When many people look at the Twelve Steps of Alcoholics Anonymous, they see them in their linear form, as they are meant to be worked in my opinion. However, Step Twelve which states, “Having had a spiritual awakening as the result of these steps, we tried to carry this message to alcoholics, and to practice these principles in all our affairs,” can be worked from the beginning. It is not something that is often stressed, but I found and continue to find it to be a crucial part of my recovery.
Although a newcomer may not have worked all twelve steps, and the first part of the 12th Step (“Having had a spiritual awakening as the result of these steps…”) is not fully applicable, they absolutely have something to offer other alcoholics. The Big Book of Alcoholics Anonymous explains in Appendix II: Spiritual Experience, “The terms “spiritual experience” and “spiritual awakening” are used many times in this book which, upon careful reading, shows that the personality change sufficient to bring about recovery from alcoholism has manifested itself among us in many different forms.” In essence, what this says is that the terms spiritual awakening and spiritual experience mean a personality change sufficient to bring about recovery from alcoholism.
Many of us experience this “spiritual awakening” in the beginning of our stay in Alcoholics Anonymous. My experience is that I had a spiritual experience at around my 30th day of sobriety, where I became truly willing to work the program and open-minded to the ideas laid out before me. It is my opinion that this was enough of a “spiritual experience” to begin my path to sobriety, and be of service.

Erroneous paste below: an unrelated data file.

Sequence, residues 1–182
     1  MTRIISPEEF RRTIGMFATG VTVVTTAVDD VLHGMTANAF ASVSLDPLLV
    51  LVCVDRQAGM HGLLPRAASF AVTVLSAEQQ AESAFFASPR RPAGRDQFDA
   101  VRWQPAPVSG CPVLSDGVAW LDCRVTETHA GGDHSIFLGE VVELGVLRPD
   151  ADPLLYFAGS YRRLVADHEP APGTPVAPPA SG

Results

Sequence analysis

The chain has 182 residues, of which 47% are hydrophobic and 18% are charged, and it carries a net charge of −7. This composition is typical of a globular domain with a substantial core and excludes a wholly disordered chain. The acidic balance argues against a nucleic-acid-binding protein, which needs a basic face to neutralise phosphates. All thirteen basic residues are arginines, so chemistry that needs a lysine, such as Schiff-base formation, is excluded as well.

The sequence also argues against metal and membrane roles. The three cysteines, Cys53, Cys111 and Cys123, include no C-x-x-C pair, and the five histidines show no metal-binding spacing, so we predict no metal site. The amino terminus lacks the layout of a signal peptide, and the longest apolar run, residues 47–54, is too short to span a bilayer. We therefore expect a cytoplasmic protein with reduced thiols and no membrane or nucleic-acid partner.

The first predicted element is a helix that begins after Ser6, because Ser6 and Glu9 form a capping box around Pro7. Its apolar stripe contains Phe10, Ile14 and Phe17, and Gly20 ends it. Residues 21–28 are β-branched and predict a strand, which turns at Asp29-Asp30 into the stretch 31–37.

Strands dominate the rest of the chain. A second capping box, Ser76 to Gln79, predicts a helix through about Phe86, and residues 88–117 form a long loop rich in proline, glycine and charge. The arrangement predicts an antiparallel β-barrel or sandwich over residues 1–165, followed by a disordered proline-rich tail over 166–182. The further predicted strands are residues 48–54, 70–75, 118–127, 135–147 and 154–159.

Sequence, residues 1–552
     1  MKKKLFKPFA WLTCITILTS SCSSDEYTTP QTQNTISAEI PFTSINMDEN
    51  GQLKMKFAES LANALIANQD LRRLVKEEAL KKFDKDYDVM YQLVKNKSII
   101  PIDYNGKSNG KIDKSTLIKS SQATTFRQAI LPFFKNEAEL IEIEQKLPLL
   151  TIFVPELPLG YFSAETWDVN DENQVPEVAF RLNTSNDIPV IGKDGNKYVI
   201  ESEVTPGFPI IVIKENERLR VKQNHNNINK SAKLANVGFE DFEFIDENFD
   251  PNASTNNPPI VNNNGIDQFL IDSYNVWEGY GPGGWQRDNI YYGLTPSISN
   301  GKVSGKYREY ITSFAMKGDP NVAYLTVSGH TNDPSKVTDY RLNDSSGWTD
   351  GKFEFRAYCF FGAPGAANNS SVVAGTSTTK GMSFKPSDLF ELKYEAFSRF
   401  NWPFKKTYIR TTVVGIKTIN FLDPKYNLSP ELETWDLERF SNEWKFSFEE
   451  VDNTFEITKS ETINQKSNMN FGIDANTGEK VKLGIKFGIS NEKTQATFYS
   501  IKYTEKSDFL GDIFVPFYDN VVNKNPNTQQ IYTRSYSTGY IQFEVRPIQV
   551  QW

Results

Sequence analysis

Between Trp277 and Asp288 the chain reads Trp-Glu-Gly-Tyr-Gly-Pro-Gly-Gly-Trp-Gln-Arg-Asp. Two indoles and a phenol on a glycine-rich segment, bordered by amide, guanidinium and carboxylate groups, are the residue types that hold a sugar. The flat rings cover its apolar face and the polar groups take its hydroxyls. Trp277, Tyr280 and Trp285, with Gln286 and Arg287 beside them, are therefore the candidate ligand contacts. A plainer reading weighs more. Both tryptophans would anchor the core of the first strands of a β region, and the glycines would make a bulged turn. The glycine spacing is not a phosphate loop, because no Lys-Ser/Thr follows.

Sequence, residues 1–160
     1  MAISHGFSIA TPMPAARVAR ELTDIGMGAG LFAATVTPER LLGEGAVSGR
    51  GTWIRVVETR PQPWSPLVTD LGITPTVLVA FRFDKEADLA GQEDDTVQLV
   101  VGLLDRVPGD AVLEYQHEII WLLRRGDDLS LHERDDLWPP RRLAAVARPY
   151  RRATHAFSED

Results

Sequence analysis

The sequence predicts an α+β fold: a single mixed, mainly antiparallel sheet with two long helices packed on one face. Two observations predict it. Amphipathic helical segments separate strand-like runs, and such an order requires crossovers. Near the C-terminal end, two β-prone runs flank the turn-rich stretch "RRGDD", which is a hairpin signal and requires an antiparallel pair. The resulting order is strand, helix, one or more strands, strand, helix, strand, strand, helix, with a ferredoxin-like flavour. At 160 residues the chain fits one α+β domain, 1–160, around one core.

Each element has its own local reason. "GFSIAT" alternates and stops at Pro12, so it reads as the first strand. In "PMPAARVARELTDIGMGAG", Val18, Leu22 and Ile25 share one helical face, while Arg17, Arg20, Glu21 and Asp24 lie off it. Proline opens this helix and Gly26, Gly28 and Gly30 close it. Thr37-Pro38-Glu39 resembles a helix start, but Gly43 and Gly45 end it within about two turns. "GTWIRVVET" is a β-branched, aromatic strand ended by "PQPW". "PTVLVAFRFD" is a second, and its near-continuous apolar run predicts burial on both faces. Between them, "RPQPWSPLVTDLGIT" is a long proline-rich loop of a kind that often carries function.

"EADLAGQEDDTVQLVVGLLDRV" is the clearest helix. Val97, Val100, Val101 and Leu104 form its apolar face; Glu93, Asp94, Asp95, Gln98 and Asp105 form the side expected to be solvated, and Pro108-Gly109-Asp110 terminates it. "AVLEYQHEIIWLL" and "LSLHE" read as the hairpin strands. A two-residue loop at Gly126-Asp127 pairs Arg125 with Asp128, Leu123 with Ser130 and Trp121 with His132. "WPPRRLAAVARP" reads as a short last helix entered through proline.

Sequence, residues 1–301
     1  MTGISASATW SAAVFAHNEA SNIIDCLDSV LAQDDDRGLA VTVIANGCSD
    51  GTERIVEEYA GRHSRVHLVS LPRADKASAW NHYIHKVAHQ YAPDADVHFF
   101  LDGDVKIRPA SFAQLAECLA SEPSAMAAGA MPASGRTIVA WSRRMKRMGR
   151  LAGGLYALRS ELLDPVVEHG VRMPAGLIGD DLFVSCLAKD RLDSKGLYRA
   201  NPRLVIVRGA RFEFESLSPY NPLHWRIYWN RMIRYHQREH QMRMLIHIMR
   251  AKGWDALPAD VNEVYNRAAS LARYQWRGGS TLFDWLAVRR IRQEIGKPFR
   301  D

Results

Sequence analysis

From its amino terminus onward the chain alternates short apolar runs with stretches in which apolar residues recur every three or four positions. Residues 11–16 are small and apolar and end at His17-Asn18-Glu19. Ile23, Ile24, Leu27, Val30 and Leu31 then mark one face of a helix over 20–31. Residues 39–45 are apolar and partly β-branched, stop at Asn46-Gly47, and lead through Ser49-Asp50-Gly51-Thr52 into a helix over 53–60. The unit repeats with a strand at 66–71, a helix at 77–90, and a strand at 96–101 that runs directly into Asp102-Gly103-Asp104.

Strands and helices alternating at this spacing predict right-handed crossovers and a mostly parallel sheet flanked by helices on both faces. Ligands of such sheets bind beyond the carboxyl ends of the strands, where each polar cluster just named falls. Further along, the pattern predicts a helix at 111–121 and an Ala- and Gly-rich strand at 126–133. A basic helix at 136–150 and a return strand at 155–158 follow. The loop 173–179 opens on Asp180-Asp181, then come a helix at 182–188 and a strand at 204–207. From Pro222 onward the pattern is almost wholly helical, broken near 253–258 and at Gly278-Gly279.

When I was new, I met people with a few days or weeks more than me, and they were of just as much service to me as anyone else in the program. Similarly, when I had 30 days, I spoke to people with less time, and when appropriate, shared what I had done so far. I had my first sponsee at just over five months sober (and yes, he is still sober today, and an amazing young man), I was secretary of a meeting before having 6 months, I spoke on Hospitals and Institutions panels regularly from 30 days on, and I returned to my treatment center immediately after I left to be of service to those there.
It has been my experience that service is a crucial part of sobriety. Regardless of how important time appears to be in many meetings, we ALL have something to offer our fellows. Being of service from early sobriety and offering what little I did have helped me build a strong foundation of my understanding for compassion and love in Alcoholics Anonymous.
The flip side to this is that I try my hardest to NEVER shut down a newcomer for any reason. When I was new, I was timid and afraid of what the “oldtimers” would think of me. I was afraid to reach out and offer help, because I was surrounded by people who had far more time than me. When I see two newcomers helping each other, I let it happen. I also encourage my sponsees to do their utmost to be of service where appropriate. Having commitments, speaking on panels and carrying the messages, and volunteering to help at meetings are great simple ways to be of service every day.